Are Apple iOS, OS X flaws really backdoors for spies?

The question is now being asked at analyst and security specialist level

Two recently-discovered flaws in Apple iOS and Mac OS X have security experts openly asking whether the software vulnerabilities represent backdoors inserted for purposes of cyber-espionage. There's no clear answer so far, but it just shows that anxiety about state-sponsored surveillance is running high.

"One line of code - was it an accident or enemy action? I don't know, but it's the kind of bug I'd put in," remarked Bruce Schneier, chief technology officer at Co3 Systems, about the flaw in Apple OS X SSL encryption that was revealed last week. Schneier, a cryptography expert, alluded to the Apple SSL flaw during his presentation on government surveillance Tuesday at the RSA Conference in San Francisco. The point, he says, is that the U.S National Security Agency as well as other governments involved in aggressive mass surveillance are going to take any means necessary, including finding ways to put backdoors into commercial products, such as by code tampering.

+ Also on Network World: Apple encryption mistake puts many desktop applications at risk | New iOS flaw increases risk of spying on enterprises +

Security vendor FireEye revealed yet another Apple software flaw that it says allows for key-logging of iOS devices such as iPhones. Was this just a simple coding mistake or something more sinister, such as a backdoor purposefully put into iOS 7.0?

"We have no evidence but we suggest this is a possibility," said Tao Wei, senior staff research scientist at FireEye, which discovered the vulnerability associated with non-jailbroken iOS 7.0 devices.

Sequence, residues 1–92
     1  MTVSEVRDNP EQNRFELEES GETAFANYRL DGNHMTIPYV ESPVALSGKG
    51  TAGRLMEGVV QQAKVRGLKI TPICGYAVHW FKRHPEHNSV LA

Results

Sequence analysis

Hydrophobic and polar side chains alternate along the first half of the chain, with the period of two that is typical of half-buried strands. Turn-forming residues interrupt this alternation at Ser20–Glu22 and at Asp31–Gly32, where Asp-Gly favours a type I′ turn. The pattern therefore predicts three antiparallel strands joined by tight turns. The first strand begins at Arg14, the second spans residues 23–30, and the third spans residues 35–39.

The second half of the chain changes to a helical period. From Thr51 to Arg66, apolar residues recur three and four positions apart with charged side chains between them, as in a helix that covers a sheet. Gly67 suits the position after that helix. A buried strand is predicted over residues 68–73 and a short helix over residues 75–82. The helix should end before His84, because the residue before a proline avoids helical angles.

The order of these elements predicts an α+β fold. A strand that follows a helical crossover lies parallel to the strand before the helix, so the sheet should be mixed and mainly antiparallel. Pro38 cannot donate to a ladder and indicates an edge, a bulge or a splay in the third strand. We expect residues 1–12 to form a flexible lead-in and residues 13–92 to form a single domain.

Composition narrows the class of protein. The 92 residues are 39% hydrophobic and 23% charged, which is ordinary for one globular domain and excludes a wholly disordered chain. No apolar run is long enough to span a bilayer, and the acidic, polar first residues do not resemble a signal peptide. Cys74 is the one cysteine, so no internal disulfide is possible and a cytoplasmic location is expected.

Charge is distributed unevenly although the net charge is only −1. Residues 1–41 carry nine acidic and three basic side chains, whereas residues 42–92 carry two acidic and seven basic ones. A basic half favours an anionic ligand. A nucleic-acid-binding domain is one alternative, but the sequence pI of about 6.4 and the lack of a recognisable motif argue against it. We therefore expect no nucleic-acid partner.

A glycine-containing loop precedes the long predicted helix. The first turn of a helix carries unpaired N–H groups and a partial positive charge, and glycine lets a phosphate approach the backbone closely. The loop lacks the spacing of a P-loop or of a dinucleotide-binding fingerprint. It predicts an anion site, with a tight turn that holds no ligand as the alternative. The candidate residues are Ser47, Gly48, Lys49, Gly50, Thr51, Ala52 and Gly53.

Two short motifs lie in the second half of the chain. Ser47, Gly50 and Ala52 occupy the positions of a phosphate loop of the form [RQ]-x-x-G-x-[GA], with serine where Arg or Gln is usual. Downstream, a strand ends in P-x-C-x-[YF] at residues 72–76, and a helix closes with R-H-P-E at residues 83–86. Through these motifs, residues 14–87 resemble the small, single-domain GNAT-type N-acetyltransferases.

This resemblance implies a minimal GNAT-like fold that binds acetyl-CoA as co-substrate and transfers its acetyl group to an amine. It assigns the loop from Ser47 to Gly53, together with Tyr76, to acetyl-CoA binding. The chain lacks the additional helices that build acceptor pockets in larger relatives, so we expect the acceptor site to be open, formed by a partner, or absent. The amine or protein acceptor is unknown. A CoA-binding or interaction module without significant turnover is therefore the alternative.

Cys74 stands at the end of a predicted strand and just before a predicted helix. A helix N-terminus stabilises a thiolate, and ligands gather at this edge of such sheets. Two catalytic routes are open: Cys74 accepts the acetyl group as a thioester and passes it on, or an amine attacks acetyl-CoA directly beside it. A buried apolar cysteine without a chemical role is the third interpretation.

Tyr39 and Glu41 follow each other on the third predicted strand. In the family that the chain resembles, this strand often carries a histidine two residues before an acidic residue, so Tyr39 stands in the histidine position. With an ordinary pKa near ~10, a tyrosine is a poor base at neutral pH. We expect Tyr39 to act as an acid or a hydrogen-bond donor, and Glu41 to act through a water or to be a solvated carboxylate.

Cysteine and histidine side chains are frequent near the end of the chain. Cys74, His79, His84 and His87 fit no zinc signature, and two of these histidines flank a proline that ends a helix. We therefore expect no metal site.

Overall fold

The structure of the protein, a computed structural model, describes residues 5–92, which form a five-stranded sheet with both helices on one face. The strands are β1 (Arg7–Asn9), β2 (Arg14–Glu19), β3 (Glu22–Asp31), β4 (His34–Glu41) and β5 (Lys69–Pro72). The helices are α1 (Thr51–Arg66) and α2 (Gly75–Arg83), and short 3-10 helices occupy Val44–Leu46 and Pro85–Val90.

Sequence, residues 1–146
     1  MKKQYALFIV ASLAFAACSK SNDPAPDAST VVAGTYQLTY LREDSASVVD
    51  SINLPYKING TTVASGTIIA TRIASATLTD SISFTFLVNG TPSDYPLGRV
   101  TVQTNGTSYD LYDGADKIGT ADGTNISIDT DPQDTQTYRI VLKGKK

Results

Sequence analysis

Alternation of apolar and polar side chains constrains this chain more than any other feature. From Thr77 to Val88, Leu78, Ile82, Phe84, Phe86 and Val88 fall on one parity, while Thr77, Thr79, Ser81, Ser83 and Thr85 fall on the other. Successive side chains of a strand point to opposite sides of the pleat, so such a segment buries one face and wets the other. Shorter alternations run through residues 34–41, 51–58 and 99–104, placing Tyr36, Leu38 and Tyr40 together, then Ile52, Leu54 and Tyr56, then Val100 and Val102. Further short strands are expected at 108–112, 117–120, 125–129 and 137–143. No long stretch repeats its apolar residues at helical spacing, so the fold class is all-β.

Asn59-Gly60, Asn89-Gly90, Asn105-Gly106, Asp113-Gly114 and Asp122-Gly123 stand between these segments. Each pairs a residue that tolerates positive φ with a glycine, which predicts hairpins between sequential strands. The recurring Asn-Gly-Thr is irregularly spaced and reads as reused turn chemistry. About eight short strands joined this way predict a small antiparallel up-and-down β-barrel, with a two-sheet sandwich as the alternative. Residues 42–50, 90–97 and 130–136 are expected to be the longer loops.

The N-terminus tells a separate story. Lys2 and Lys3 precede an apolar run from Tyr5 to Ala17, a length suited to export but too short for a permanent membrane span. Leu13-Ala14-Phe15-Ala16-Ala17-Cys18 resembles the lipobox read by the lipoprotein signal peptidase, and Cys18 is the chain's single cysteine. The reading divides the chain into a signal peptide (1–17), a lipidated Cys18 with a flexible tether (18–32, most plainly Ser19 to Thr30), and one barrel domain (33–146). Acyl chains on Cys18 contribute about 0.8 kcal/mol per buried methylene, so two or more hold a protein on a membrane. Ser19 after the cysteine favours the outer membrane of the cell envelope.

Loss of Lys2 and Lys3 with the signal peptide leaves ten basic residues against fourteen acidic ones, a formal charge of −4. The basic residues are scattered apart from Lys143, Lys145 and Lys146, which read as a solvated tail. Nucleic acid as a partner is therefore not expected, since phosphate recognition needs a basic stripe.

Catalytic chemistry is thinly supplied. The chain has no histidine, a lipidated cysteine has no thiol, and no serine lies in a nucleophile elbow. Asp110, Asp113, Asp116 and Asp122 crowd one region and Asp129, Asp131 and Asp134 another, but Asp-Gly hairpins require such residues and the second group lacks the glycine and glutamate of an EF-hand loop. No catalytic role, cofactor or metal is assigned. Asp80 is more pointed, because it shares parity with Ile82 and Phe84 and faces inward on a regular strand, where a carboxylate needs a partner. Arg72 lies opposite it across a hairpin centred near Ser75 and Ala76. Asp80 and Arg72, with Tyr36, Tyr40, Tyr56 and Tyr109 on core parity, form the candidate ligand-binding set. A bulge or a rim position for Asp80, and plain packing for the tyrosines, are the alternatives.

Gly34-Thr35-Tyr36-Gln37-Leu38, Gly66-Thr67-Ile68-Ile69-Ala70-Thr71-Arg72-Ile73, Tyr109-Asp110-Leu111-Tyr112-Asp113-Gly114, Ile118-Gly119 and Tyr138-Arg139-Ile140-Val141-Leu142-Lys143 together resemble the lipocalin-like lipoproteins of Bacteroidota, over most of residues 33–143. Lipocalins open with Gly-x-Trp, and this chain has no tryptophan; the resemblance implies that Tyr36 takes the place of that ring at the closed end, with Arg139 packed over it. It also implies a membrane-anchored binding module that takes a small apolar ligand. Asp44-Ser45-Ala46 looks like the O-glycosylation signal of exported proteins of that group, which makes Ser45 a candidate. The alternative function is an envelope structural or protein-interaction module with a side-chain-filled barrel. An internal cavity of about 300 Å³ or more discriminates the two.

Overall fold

The tech industry is raising this issue more often in the light of the Edward Snowden revelations of the past year that indicated the US government, through the NSA, does pursue placing backdoors in products when it can, however it can. In his keynote address at the RSA Conference, RSA executive chairman Art Coviello acknowledged this indeed is what appears to have happened in terms of a crypto algorithm created by the NSA that was included in an RSA encryption-toolkit product. The NSA exploited "its position of trust," he said.

But in his presentation, Schneier emphasized that it isn't just US government surveillance that needs to be considered. He noted countries like Russia and China are also in the surveillance game.

"We've already seen China doing the same things NSA did," he pointed out, saying the world now is basically stuck in a bad situation. "If someone's going to spy on you, better the US than Russia. I hate that bit and I wish it wasn't so."

But he concluded the situation now calls for individuals and the high-tech industry to simply keep fighting back against government mass surveillance by demanding it end.

Ellen Messmer is senior editor at Network World, an IDG website, where she covers news and technology trends related to information security. Twitter: MessmerE. E-mail: emessmer@nww.com

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